When did cultural centres appear on the horizon of your personal and professional life, and why did you start working with them?

I became involved with these type of cultural centres through Tibor Várnagy, when, in 2004, I exhibited at the Liget Gallery, run by the Cserepesház of Zugló. I was interested in this setup, and Tibor told me a lot about the history of these cultural centres. All this stayed with me, and then, when a year later I had the opportunity to stay in Budapest for a longer period, I became engaged with the theme in a more direct manner; I began doing some research and looking at these buildings.

Did you have any earlier, personal experiences regarding cultural centres?

Not really. There are some similar things in Austria, but not in such high numbers and of such significance. Of course, there are some similar models in most of the former socialist countries. And as a matter of fact, they can also be found in France in the format initiated by André Malraux – the Maison de la Culture et Communication – which is built on the idea of the decentralisation of culture.

How, based on what, did you choose the centres where you did your shooting and how did you prepare for this work?

I had help from a number of people in choosing the centres. The architectural aspect is especially important for me and is given the most emphasis in the films. In addition, the history of the centres and the urban context are also important, as well as telling the story of these buildings not only as regards the socialist period, for I wanted to map out the whole of the 20th century. I encountered very varied situations: in some cases, I was able to find out a lot about the buildings during the visits, in others, the door was opened to me to look around and that was it, I had to get my information elsewhere.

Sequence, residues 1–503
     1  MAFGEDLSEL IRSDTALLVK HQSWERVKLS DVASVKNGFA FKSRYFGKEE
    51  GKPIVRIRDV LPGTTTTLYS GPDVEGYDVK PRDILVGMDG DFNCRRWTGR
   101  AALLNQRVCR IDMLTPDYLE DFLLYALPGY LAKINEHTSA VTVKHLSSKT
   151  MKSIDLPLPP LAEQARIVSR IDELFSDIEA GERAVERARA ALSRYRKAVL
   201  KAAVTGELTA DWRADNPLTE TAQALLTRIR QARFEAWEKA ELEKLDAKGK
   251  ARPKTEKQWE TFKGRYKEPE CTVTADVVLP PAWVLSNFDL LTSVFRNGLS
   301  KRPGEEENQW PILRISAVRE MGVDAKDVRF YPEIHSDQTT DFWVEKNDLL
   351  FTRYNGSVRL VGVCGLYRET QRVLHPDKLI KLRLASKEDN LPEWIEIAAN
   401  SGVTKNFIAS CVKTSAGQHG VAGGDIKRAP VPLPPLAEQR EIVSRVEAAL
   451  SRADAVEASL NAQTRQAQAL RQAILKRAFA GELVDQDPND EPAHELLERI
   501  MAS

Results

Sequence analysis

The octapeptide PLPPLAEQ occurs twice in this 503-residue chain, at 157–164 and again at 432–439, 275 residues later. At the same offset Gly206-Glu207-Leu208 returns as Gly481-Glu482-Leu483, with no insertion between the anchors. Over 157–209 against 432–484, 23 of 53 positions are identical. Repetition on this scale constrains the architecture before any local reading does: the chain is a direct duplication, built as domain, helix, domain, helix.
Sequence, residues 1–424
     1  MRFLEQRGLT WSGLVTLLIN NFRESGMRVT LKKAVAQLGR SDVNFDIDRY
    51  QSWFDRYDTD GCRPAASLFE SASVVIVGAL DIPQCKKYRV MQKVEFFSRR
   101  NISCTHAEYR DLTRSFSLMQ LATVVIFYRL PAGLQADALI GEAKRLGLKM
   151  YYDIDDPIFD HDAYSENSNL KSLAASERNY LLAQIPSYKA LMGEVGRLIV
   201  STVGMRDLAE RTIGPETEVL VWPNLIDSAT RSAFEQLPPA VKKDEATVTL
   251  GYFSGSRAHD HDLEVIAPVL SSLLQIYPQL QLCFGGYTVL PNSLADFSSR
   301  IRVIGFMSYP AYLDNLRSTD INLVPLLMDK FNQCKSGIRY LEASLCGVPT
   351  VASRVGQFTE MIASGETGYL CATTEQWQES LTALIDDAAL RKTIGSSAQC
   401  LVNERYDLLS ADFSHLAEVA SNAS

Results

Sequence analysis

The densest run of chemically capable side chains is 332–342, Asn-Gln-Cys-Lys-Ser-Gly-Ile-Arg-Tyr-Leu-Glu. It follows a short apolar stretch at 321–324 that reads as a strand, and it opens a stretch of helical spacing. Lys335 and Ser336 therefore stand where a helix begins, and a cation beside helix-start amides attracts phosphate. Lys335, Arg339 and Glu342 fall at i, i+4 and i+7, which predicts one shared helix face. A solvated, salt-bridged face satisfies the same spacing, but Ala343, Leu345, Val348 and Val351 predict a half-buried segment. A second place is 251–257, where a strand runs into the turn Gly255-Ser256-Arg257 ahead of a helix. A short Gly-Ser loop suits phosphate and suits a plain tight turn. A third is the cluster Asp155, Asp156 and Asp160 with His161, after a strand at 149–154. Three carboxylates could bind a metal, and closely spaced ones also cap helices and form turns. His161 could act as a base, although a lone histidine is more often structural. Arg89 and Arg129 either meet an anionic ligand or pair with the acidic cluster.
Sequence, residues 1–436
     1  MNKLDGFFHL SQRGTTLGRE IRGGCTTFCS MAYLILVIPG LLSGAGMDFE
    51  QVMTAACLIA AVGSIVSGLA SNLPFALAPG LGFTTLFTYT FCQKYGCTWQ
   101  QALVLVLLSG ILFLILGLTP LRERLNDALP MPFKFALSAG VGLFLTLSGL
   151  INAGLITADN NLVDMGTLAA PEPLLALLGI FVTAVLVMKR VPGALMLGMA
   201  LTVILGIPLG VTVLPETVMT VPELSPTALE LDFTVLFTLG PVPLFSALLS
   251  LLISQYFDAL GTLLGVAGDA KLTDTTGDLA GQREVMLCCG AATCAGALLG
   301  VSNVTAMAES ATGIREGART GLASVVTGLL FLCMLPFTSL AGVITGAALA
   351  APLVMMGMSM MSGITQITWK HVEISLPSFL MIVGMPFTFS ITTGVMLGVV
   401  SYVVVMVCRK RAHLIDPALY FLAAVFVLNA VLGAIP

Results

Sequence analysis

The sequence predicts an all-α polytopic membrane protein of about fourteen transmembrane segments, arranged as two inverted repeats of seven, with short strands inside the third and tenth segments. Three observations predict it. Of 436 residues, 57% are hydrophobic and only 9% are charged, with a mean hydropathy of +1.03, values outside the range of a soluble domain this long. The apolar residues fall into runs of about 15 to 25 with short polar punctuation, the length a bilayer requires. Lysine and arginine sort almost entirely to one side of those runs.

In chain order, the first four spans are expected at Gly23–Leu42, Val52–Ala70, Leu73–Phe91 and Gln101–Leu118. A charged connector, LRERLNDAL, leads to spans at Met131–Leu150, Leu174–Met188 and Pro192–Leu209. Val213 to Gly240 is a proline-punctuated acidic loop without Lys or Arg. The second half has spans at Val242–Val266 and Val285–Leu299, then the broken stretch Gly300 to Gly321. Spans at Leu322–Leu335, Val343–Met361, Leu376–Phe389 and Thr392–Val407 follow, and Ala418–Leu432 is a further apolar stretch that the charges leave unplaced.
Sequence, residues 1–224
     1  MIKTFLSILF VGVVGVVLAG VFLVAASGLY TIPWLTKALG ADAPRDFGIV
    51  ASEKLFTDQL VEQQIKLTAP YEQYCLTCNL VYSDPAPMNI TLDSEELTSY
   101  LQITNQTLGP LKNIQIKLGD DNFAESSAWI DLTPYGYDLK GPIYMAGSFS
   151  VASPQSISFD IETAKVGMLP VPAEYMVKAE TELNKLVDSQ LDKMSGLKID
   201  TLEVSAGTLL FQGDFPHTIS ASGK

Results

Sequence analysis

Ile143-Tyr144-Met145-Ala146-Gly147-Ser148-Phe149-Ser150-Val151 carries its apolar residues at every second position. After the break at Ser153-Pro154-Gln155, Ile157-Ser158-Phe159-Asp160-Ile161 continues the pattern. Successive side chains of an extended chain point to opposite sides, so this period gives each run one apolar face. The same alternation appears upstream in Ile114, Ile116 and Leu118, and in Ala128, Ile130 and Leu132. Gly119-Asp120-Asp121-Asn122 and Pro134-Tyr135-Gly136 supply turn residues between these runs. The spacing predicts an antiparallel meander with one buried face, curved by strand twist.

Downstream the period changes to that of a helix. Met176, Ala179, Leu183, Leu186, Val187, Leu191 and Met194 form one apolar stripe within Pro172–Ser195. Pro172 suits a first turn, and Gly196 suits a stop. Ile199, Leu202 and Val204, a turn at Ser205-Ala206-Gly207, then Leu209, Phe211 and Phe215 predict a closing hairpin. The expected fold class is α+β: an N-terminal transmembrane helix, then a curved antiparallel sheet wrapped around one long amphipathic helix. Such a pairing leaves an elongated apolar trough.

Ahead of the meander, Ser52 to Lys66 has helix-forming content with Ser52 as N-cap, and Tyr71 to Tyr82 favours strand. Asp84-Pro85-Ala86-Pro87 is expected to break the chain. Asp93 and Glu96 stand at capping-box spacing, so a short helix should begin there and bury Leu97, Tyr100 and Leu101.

You have already dealt with the various manifestations of the culture industry in urban environments in some of your earlier work. How can the transitory situation of Budapest’s cultural centres, and their ability – or lack thereof – to adapt to the changed demands be brought into connection with these previous works?

I have long been interested in different places and forms of culture. The significance and manifestations of culture – the concepts of culture – have gone through a great transformation. It is also important to notice whose interests culture represents, and how it can turn into an empty, white screen for these interests. Culture has a crucial role in the transformation of cities and regions, in their search for new identities after Fordism and industrialisation. In the past, I have looked at how large, representative museum projects can add to the touristic value of places, how the cultural industry is shaped in accordance with economic interests. In this context, the model that cultural centres represented is noteworthy; they were places that served specific political agendas and which, along with the annihilation of these political agendas, lost the framework into which they fit, but could not find a new one to take its place.